By Times staff reports
© St. Petersburg Times, published September 15, 2001
Price gouging includes Stars and Stripes
Price gouging on staples such as water, gasoline and batteries is common enough after disasters such as a hurricane.
But merchants across the state marked up another commodity consumers wanted following Tuesday's terrorist attacks in New York and Washington: the American flag.
State officials disclosed that at a news conference they called to announce they issued 15 subpoenas Friday as part of an investigation into gasoline price gouging following the attacks.
Attorney General Bob Butterworth and Agriculture Commissioner Charlie Bronson set up a hotline this week after hearing reports that some gas stations were taking advantage of grounded airline flights and were raising gas prices.
But they heard about more than just gasoline: Floridians who heeded the call of brothers Gov. Jeb Bush and President Bush to display Old Glory complained that unscrupulous shopkeepers were charging far more than they should for the symbol.
"That's sick," Jeb Bush muttered Friday when he heard about the markups.
But the purpose of the subpoenas was to get a look at the records of gas stations that appear to have raised their gas prices by at least 10 cents a gallon. If the state determines the stations illegally raised their prices, the stations could face fines anywhere from $1,000 per incident or $25,000 for multiple incidents in a 24-hour period.
Only one of the gas stations, a Farm Stores gas station in Pinellas Park, was in the Tampa Bay area.
Three Florida executives stranded in Chicago during airport shutdowns this week found an unusual way to get back home: They took a taxi in what became a cross-country, multicultural odyssey.
The driver, who introduced himself as Ali, agreed to make the 24-hour trip because he wanted to help the men return to their families, said Bruce Gross, chief financial officer for Lennar Corp., a Miami-based home builder.
"Ali called his office and called his wife, then said he would do it," Gross said. "He just turned around and said, "Does anyone have any money for gas?' "
The four left at 10 p.m. Wednesday. Ali drove the Mazda minivan until 5 a.m., then they switched drivers.
The men learned Ali's full name was Mohhamed Ali and he was a mechanical engineer who moved to the United States from Bombay, India, in 1999. They also discovered he was Islamic and had been outraged and saddened by the terrorist attacks on Tuesday.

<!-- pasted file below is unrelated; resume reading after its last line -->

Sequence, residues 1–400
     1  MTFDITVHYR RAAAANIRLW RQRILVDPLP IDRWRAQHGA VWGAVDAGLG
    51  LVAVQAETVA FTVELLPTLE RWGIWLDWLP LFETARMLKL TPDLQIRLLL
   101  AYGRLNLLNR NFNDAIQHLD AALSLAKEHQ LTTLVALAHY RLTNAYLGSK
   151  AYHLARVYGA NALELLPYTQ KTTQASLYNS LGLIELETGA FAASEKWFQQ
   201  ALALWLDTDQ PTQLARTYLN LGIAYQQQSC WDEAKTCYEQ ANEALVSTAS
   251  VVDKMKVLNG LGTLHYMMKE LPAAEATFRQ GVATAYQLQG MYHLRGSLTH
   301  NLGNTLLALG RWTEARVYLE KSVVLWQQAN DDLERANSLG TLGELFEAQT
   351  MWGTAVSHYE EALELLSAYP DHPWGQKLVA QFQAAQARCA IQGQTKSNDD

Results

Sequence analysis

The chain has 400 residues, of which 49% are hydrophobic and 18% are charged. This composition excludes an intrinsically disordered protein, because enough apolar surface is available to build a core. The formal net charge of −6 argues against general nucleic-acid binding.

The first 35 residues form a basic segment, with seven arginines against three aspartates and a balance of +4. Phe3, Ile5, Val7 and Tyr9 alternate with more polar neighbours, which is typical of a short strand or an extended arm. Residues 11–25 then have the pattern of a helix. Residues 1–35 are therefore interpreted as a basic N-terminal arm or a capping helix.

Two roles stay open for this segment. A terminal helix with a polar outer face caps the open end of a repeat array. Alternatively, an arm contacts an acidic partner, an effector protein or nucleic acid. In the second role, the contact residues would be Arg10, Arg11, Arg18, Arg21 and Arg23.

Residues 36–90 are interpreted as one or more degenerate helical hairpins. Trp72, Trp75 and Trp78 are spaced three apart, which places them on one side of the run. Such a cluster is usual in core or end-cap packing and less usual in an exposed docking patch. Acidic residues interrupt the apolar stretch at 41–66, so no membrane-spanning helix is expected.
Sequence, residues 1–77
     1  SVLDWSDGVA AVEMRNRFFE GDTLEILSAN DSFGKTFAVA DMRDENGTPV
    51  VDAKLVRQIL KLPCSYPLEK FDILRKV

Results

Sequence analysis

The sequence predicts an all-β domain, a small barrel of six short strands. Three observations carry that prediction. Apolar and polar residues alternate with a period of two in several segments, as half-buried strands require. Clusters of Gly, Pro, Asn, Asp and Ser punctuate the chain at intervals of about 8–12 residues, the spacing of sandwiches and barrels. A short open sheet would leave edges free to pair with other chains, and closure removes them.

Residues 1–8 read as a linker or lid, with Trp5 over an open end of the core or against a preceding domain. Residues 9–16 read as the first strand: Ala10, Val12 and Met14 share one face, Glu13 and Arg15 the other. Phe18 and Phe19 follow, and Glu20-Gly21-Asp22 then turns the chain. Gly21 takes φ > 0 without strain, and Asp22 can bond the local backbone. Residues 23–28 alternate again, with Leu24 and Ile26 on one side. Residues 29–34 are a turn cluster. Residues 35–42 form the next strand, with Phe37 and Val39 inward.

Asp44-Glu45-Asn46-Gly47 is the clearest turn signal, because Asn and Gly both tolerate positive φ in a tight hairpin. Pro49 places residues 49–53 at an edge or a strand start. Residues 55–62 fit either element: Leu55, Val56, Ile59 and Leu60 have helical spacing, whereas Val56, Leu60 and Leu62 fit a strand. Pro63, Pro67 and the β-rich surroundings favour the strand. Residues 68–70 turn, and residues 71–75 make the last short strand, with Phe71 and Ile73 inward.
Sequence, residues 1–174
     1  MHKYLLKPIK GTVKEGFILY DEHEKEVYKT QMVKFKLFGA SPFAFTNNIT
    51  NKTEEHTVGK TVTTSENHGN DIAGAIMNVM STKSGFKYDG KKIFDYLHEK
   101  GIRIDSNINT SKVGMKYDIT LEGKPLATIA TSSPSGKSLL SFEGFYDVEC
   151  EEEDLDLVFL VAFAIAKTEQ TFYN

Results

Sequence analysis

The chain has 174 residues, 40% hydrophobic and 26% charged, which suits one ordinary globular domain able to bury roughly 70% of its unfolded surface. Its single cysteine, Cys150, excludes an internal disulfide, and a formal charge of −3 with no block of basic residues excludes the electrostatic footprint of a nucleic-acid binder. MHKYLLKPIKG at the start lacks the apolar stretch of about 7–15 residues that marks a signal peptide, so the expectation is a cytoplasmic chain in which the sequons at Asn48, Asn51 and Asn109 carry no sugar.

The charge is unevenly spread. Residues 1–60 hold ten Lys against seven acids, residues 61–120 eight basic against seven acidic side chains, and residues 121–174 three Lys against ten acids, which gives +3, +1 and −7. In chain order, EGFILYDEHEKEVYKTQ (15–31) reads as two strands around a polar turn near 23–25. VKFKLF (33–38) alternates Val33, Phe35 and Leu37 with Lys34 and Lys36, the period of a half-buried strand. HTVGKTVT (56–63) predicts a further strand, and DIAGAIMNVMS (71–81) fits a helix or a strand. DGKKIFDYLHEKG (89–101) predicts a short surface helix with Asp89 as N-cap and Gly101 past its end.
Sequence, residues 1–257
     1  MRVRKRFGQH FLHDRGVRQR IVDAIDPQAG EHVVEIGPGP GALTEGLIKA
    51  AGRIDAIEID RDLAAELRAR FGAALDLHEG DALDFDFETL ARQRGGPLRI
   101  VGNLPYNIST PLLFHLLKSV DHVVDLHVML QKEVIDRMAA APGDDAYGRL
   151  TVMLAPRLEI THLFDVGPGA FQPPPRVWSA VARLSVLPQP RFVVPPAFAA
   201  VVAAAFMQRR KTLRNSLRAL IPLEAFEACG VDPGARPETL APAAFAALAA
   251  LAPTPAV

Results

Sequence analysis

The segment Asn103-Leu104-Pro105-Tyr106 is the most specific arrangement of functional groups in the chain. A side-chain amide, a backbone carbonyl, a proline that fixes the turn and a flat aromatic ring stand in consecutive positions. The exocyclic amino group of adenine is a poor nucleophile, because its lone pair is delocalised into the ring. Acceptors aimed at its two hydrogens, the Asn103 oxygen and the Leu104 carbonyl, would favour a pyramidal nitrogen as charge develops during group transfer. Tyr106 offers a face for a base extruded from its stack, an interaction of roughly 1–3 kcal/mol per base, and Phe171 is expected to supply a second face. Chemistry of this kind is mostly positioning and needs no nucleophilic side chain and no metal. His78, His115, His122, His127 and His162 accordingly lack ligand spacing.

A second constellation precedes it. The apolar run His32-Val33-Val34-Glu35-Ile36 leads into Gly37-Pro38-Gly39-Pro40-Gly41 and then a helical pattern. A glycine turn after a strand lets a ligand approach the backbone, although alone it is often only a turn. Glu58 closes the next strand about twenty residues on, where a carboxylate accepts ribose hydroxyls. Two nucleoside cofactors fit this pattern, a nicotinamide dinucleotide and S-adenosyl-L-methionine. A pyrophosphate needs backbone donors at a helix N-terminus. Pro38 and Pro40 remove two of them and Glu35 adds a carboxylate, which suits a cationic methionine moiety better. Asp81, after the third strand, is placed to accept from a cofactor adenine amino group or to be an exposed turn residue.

The taxi was stopped by state troopers in Georgia. They questioned Ali and examined the drivers licenses of all four men. The troopers said Ali had been speeding and warned him to slow down but didn't issue a ticket.
The group dropped off Scott Campbell, an analyst for Raymond James & Associates, at his home in Tampa, then headed southeast to drop off Waynewright Malcolm, Lennar's vice president and treasurer, in Pembroke Pines.
Finally the taxi arrived at Gross' home in Davie at 10 p.m. Thursday. Gross introduced Ali to his wife and three children. They had a late dinner and set up a bed for the exhausted driver to rest before he headed back north.
The fare: $700 and a "very generous" tip, Gross said.
Joining President Bush at the prayer service at the National Cathedral in Washington was a veritable who's who of national politics. However, for security reasons Vice President Dick Cheney was not there. Cheney, the first in line to succeed Bush in the event of catastrophe, was taken to the secluded safety of Camp David on Thursday.
Even as the smell of smoke wafted through the corridors and black soot covered the floors, the Pentagon began to honor its dead.
Three days after terrorists slammed an airplane into the building, killing scores of people, standing room-only crowds of military personnel and civilians packed the Pentagon auditorium Friday for four separate memorial services.
Several women wore scarves of the American flag. Several men wore ties of the American flag.
Army Capt. Henry Haynes, the Pentagon chaplain, spoke eloquently of the need for Americans to look after each other.
"We have to come together," he said, "so that we may draw from each other's courage and each other's strength."
The most poignant moment came at the end of each service, with the crowd singing America the Beautiful.
Army Sgt. Matthew Brown, 31, said in an interview after one of the services that he was angry at the terrorists and that striking back was the right thing to do.
"If I sat down for a minute, I would cry," he said.
And then, he just about did.
From their lofty spot 250 miles above Earth, the astronauts aboard the international space station saw dark smoke billowing from New York on Tuesday.
On Friday the space station's commander, retired Navy pilot Frank Culbertson, noticed something else -- the absence of jet vapor trails.
"Normally when we go over the U.S., the sky is like a spider web of contrails, and now the sky is just about completely empty," Culbertson said. "It's very, very weird."
Near South Pasadena's busiest intersection, the corner of Pasadena Avenue and Gulfport Boulevard, St. Petersburg resident Wes Cooke stood for hours Friday on a raised concrete median, waving a U.S. flag against the dreary backdrop of a tropical storm.